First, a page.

Jennifer Viegas, "Serious Study: Immaturity Levels Rising," Discovery News, June 25, 2006 --- Click Here
Visible Proofs: Forensic Views of the Body ---
MedLinePlus: Dental Health ---
Campus Health and Safety.org ---
"The Naked Truth About Sex Ed," by Regina Lynn, Wired News, June 16, 2006 --- http://www.wired.com/news/columns/0,71158-0.html?tw=wn_index_2
A week ago, I got my hands on a book that big media has been afraid to touch. According to its author, a National Public Radio show said it was "too edgy" to review, while Newsweek said it was "inappropriate."
No, it's not Harry Potter or The Da Vinci Code. It's a book on honest communication about sex, with an emphasis on sexual pleasure and emotional health. It recognizes that sex is so much more than intercourse and encourages readers to have an extensive pre-sex discussion, or PSD, before becoming sexually involved with a partner. And it advises not committing monogamously to one partner too soon.
Not so shocking until you realize that the book is written for teens and young adults, although author Dr. Roger Libby hopes parents and teachers will read and discuss it as well. And even though the title perfectly captures what's between the covers -- The Naked Truth About Sex: A Guide to Intelligent Sexual Choices for Teenagers and Twentysomethings -- it is apparently so dangerous in America to acknowledge that teenagers have sexual feelings and behaviors that few media outlets are willing to risk bringing attention to it.
But I've read it, and I'm not afraid. In fact, I think many adults can benefit from Libby's emphasis on communication and honesty and emotional health.
"This is the first book (about sex) written to teenagers other than (books about) abstinence since 1968!" he exclaims during our phone interview.
Libby is a certified sex therapist with a practice in Seattle and an adjunct professor of the Institute for Advanced Study of Human Sexuality in San Francisco. In writing Naked Truth, he deliberately stayed away from the usual diagrams of genitalia and reproductive systems in favor of getting to the real concerns young people have about sex.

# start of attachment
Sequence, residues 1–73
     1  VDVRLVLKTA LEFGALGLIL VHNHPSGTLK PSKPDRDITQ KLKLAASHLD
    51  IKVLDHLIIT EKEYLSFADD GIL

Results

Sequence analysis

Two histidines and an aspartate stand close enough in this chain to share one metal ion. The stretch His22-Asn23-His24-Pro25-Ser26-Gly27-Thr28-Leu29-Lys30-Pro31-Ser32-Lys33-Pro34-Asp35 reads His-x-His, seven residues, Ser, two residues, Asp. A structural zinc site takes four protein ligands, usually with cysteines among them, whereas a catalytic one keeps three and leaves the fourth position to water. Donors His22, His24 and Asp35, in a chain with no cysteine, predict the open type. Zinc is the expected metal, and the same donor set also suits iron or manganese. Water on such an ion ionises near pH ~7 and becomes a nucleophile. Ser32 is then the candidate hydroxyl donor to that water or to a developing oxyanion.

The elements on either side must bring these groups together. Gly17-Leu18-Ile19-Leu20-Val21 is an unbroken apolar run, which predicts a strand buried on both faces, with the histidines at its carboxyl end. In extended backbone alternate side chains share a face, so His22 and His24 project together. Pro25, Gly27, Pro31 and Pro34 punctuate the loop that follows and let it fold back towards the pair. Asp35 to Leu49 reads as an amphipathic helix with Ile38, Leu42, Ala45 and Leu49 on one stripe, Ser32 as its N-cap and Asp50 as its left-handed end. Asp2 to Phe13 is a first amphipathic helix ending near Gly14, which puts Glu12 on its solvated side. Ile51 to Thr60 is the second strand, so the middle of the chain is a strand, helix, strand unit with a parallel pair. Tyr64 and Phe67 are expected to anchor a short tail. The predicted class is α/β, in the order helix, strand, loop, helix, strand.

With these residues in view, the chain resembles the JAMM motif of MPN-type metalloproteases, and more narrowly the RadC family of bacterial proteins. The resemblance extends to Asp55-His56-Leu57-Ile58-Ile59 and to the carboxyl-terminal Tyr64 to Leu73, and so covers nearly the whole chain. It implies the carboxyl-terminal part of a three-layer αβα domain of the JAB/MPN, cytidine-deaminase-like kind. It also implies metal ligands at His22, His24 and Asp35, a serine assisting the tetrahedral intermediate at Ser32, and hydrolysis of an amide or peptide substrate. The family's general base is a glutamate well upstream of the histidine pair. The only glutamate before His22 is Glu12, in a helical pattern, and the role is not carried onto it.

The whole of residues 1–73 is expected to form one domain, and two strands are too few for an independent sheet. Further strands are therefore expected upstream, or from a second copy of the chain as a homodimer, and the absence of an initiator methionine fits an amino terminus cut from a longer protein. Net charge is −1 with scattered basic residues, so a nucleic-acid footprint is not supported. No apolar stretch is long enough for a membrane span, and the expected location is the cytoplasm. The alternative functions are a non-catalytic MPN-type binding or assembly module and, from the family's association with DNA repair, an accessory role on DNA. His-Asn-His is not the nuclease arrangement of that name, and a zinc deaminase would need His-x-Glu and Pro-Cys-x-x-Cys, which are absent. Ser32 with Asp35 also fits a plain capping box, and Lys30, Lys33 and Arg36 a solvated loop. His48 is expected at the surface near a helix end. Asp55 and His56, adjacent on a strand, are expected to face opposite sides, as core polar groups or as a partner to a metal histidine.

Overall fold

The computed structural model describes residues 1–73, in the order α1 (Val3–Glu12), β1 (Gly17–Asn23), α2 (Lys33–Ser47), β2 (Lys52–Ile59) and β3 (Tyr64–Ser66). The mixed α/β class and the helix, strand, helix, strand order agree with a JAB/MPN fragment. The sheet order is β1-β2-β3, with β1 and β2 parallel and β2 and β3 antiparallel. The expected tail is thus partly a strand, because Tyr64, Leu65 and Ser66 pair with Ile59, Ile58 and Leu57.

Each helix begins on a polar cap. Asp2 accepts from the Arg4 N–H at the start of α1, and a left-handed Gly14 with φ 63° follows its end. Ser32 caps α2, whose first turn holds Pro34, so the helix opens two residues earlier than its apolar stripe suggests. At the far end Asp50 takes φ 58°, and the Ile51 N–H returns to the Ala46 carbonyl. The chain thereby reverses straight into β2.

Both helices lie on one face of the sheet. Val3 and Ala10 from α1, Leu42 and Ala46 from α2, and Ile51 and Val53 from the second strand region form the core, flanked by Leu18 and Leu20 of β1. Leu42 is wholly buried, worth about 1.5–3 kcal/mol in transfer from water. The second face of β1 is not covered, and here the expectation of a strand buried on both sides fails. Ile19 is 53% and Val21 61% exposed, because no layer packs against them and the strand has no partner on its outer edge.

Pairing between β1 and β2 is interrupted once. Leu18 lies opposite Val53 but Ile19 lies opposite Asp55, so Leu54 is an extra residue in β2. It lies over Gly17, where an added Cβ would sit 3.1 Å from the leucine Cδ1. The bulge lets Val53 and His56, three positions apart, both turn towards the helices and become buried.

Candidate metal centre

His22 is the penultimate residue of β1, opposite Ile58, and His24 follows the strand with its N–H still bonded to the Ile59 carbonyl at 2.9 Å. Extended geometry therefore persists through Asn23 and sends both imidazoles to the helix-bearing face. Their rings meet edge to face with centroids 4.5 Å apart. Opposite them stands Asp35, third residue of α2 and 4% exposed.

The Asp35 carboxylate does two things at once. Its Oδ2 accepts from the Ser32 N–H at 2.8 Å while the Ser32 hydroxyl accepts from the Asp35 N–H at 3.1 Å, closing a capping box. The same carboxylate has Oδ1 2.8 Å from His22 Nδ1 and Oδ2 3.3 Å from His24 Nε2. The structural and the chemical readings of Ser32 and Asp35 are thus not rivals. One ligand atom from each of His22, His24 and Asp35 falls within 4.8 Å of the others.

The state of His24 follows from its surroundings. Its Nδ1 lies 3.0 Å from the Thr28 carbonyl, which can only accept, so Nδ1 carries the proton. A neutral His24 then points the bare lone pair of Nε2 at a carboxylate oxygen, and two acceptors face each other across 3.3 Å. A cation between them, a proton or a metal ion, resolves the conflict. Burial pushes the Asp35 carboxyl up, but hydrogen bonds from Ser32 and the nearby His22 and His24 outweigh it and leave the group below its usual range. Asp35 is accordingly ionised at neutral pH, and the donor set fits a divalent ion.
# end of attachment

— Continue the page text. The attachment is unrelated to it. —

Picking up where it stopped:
The book includes numerous questions sent to him by teens and twenty-somethings during his Pleasure Dome radio show, which ran for three years on indie rock station 99X in Atlanta.
While young people will recognize themselves in the words of their peers, I suspect these Q&A sections will be revelations to parents as well. Judging from the e-mail I receive on a daily basis, young people aren't the only ones with these concerns.
- Am I normal?
- I have never had an orgasm. Not with a guy, not even when I'm masturbating. It makes my boyfriend feel bad because he thinks he's not pleasing me. What should I do?
- I wish your PSD were required before sex. Maybe if sex education included something besides abstinence we'd all be informed enough to be selectively sexual.
- All we ever get from teachers is the tired, irrelevant, "Just say no" motto.... How can we influence adults to be more real?
"I wanted to do a think piece, to promote a different view of sex," Libby says. "A broader definition (of safer sex) -- a PSD, not just, 'Do you have a condom?'"
He sums up the pre-sex discussion thusly:A PSD is an intimate and entertaining conversation that informs prospective lovers about each other's feelings, desires, expectations, fantasies and her/his sexual knowledge and sophistication. It's an introduction to the possibility of a sexual relationship or encounter -- a preview of what sex would be like.
He doesn't talk much about the mechanics of sexual intercourse, focusing instead on making smart choices that lead to happy and safe sexual experiences, now and in the future. He writes about developing a healthy body and emotional self-esteem, fostering relationships based on mutual affection and trust, and the importance of being a good listener.
Continued in article
Potpourri from One of My Favorite Writers